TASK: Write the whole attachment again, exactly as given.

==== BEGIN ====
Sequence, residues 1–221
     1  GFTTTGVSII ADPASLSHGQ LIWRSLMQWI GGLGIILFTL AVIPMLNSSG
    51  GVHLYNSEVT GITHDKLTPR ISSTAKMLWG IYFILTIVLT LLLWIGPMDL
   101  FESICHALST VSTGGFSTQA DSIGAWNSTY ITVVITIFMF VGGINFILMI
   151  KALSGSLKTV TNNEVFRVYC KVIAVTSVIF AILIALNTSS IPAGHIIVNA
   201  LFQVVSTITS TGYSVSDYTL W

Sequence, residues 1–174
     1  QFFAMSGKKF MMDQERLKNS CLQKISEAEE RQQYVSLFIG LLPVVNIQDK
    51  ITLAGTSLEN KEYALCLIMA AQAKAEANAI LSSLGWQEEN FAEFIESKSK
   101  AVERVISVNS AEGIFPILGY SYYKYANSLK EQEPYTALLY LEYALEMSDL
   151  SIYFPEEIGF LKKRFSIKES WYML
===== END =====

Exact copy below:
Sequence, residues 1–221
     1  GFTTTGVSII ADPASLSHGQ LIWRSLMQWI GGLGIILFTL AVIPMLNSSG
    51  GVHLYNSEVT GITHDKLTPR ISSTAKMLWG IYFILTIVLT LLLWIGPMDL
   101  FESICHALST VSTGGFSTQA DSIGAWNSTY ITVVITIFMF VGGINFILMI
   151  KALSGSLKTV TNNEVFRVYC KVIAVTSVIF AILIALNTSS IPAGHIIVNA
   201  LFQVVSTITS TGYSVSDYTL W

Sequence, residues 1–174
     1  QFFAMSGKKF MMDQERLKNS CLQKISEAEE RQQYVSLFIG LLPVVNIQDK
    51  ITLAGTSLEN KEYALCLIMA AQAKAEANAI LSSLGWQEEN FAEFIESKSK
   101  AVERVISVNS AEGIFPILGY SYYKYANSLK EQEPYTALLY LEYALEMSDL
   151  SIYFPEEIGF LKKRFSIKES WYML